The only circumstance in which you will be receiving less from a score based pool is if you consistently start out rounds but then switch to other pools when the rounds "take too long" for your liking. You can't do this by accident. It's a specific attack that we identified and analysed back in January, and unless you specifically program a miner that does this it's not going to happen consistently by random chance.

That said, there is a slight difference with the score based system for very low-capacity, infrequent miners: increased variance in your payouts. Sometimes they will be bigger than normal, and sometimes smaller. Mathematically, it all ends up coming down to the fee you pay, but psychologically this might be hard to take as sometimes you will feel ripped off, while you might not notice that you also get lucky just as much. So it might be easier on your brain to go with a pay-per-share system or similar, it just won't be easier on your pocketbook.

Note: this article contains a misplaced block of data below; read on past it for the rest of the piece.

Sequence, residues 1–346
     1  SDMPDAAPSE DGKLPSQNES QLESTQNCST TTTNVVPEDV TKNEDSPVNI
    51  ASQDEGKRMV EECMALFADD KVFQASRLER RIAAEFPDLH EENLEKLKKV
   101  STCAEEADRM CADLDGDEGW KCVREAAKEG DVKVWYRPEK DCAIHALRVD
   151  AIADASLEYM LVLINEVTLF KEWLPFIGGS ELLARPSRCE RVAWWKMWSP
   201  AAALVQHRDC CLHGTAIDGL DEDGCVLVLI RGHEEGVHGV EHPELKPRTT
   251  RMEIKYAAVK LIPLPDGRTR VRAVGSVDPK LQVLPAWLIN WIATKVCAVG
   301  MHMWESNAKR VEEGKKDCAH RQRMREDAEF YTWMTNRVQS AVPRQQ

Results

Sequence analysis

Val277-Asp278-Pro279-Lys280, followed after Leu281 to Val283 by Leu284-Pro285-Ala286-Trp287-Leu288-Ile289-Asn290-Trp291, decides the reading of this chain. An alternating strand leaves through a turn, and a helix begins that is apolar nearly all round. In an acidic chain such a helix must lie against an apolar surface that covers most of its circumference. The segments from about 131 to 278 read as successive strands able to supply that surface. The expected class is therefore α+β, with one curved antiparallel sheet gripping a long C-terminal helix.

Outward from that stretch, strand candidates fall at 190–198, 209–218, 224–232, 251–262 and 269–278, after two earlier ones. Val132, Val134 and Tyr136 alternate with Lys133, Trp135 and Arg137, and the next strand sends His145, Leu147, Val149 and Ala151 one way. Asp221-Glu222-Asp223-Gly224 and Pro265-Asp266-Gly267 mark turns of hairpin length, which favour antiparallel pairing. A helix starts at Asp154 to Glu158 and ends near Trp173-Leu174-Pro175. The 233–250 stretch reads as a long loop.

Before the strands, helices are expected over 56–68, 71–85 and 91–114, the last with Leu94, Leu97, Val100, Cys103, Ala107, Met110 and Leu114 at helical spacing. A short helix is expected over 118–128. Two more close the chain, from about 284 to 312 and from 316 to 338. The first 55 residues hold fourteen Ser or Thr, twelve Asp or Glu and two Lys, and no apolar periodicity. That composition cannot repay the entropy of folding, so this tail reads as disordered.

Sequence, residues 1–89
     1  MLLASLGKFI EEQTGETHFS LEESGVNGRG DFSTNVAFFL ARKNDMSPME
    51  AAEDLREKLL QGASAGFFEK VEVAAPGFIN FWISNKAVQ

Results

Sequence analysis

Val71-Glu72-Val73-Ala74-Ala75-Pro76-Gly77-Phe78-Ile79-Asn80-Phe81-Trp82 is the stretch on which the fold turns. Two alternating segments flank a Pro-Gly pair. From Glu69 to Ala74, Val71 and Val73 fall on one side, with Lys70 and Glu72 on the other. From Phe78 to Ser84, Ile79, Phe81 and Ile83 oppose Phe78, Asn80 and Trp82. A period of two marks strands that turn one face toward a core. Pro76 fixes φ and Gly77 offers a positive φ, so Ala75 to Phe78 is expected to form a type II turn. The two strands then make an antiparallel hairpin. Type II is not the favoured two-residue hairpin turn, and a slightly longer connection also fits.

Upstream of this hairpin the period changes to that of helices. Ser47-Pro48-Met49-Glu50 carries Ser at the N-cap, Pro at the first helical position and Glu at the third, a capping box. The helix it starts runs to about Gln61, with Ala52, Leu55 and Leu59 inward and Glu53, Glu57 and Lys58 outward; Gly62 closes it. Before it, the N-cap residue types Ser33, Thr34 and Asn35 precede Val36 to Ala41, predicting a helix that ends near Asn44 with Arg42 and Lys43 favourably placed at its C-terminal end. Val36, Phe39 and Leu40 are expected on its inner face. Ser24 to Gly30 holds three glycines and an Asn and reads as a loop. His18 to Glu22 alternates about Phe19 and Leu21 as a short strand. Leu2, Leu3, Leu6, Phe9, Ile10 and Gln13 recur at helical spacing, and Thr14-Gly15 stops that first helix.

The biggest underlying problem with this is that you probably shouldn't be mining at all. Even if you only use it when your computer is on anyways, a 5670 almost certainly draws more power when mining than you earn back in bitcoins, unless you're paying very low electricity prices (5 cents or less per kilowatt-hour) or using someone else's electricity (in which case all you're doing is taking money from them, not earning it). Probably it's time to leave the mining to high-efficiency rigs located in very low-cost electricity zones.

For a complete analysis of different mining pool schemes, Meni Rosenfeld has written an excellent paper.